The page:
27 August 2015

ISDS' ICD-10 Master Mapping Reference Table Now Available!

ICD-10 Master Mapping Reference Table 
ISDS is pleased to release the ICD-10 Master Mapping Reference Table (MMRT) as a tool and resource to assist public health professionals in code-mapping the conversion between ICD-9-CM to ICD-10-CM diagnostic codes.

Learn more and download here!


The upcoming ICD-9/ICD-10 transition will have a significant impact on public health surveillance systems and activities that involve coded clinical data. It is imperative that public health agencies begin to prepare their systems, modify current business processes, and train their workforce to ensure a seamless transition to ICD-10 coded data. To address this urgent need, CDC worked with clinicians and public health professionals to develop ICD-9 to ICD-10 translations based on conceptual mapping for 140 syndromes arranged into 16 broader syndrome groupings. ISDS coordinated the community input on these codesets and concepts, to ensure that they reflect how public health agencies use diagnostic codes for syndromic surveillance activities. Three reviews for each syndrome chapter were compiled, and a panel of syndromic surveillance experts subsequently assessed that the reviews for inclusion. The resulting reference tables, which include 90 syndromes grouped into 13 chapters, serve as a resource for public health agencies looking to ensure a smooth transition between ICD-9 and ICD-10 code-mapping.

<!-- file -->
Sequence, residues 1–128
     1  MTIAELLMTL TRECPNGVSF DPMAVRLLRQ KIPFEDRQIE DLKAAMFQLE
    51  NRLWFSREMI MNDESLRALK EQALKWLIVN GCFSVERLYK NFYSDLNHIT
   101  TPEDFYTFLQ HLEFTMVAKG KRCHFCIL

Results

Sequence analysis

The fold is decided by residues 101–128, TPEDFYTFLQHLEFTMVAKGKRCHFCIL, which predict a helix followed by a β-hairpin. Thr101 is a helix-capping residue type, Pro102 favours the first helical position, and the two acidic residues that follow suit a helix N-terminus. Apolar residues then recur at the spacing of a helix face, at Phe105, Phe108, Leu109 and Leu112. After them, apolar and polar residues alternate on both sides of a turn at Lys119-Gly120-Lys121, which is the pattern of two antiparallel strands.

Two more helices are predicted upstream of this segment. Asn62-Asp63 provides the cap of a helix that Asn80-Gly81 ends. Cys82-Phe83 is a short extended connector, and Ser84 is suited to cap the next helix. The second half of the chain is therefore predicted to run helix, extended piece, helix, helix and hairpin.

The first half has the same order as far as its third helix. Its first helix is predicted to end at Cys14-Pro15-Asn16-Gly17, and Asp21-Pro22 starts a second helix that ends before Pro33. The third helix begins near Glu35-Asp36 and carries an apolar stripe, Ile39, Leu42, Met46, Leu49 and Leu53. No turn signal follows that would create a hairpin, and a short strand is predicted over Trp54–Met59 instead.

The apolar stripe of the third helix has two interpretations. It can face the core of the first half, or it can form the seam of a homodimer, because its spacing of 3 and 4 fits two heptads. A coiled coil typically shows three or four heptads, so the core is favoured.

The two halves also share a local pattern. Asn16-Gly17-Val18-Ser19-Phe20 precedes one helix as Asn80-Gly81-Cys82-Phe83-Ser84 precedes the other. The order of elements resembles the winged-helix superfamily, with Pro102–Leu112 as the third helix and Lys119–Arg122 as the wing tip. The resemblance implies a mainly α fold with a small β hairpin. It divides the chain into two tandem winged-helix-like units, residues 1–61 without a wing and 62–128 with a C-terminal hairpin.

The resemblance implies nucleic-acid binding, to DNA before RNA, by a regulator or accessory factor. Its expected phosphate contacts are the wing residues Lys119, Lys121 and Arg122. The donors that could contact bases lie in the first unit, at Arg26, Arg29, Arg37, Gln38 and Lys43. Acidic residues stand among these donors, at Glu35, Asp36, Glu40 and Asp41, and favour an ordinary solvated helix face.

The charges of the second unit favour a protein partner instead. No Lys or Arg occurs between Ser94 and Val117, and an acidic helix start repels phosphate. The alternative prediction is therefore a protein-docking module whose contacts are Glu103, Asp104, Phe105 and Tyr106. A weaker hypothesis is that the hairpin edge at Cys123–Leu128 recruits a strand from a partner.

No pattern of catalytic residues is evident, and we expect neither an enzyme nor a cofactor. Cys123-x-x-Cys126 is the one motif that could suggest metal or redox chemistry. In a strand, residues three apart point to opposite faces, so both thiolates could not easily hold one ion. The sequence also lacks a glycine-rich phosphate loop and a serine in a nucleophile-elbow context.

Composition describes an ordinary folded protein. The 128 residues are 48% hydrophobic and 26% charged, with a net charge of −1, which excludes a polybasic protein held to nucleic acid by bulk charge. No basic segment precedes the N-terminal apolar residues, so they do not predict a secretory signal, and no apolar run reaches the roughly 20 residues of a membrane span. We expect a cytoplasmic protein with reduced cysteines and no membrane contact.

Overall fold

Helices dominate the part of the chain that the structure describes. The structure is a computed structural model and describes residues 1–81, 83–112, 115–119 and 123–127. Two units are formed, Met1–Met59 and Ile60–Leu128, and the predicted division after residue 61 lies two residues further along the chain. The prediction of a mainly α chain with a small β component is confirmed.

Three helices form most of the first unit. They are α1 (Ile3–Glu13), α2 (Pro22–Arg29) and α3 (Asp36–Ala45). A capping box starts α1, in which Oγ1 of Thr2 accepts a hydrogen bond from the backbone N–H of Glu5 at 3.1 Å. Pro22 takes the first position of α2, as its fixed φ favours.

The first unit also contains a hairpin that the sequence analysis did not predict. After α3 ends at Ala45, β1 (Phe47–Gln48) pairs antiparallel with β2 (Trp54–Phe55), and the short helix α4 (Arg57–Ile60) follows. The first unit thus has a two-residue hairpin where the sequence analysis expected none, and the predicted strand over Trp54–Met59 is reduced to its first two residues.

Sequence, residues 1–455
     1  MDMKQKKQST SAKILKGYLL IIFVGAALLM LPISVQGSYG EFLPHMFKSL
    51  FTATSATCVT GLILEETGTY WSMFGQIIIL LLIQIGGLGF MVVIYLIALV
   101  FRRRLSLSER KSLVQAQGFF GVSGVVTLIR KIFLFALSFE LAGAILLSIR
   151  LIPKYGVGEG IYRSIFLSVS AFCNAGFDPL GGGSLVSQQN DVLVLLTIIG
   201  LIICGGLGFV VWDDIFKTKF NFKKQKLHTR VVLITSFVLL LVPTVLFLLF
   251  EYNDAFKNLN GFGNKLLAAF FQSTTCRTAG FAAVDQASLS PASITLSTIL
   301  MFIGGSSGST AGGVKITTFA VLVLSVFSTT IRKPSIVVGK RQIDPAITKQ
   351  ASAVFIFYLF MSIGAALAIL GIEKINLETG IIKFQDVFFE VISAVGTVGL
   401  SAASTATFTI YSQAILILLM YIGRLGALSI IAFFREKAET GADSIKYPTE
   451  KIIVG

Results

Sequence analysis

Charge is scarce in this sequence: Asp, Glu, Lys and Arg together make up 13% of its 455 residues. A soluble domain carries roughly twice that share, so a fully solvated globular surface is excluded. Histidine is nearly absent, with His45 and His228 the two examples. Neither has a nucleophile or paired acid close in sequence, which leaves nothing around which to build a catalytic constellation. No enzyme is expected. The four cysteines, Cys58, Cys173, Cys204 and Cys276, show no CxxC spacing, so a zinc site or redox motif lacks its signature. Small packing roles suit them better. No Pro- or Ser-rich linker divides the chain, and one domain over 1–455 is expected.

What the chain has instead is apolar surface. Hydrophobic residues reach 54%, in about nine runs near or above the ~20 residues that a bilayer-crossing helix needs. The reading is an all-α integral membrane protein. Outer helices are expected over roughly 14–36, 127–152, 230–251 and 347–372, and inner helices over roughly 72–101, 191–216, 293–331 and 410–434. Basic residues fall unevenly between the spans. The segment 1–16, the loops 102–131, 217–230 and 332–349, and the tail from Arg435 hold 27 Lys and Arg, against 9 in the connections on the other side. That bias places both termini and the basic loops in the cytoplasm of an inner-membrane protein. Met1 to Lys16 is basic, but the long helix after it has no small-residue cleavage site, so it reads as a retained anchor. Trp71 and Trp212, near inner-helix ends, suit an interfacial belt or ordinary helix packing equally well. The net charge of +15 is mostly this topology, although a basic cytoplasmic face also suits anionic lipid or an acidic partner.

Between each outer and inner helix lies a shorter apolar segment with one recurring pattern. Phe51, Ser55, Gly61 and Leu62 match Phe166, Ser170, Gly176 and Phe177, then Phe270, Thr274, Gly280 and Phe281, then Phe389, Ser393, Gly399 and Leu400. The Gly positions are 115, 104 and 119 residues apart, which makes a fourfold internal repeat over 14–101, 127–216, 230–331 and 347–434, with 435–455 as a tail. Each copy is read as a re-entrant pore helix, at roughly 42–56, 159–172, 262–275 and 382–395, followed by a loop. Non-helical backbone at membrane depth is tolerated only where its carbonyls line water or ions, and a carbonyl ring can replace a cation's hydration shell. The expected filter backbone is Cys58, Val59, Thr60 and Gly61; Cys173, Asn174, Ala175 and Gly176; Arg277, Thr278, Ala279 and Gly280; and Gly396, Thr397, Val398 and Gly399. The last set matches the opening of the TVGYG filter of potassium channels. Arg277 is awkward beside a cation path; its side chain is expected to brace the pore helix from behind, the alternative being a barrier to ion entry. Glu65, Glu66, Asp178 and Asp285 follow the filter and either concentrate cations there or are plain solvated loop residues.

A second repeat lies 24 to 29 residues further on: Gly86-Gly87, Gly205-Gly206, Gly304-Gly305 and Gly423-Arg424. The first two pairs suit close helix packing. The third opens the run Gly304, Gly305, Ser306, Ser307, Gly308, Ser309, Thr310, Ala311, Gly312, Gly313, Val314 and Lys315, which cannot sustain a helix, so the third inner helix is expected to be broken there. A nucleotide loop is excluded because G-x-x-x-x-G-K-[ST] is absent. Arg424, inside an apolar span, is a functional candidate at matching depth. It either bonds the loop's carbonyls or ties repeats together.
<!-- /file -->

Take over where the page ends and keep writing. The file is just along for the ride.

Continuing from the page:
If you have any questions or comments for fellow users of the ICD-10 MMRT, please visit the ISDS Community Forum ICD-10 MMRT page. If you have any questions for the creators of the ICD-10 MMRT, please e-mail icd10@syndromic.org. If providing feedback on code mappings, please be specific with chapter, syndrome and line number. Thank you! 

The ICD-10 Master Mapping Reference Table is made possible by funding to ISDS through the Council for State and Territorial Epidemiologists (CSTE) from the Center for Surveillance, Epidemiology and Laboratory Services (CSELS) within the Office of Public Health Scientific Services (OPHSS) at the US Centers for Disease Control and Prevention (CDC).

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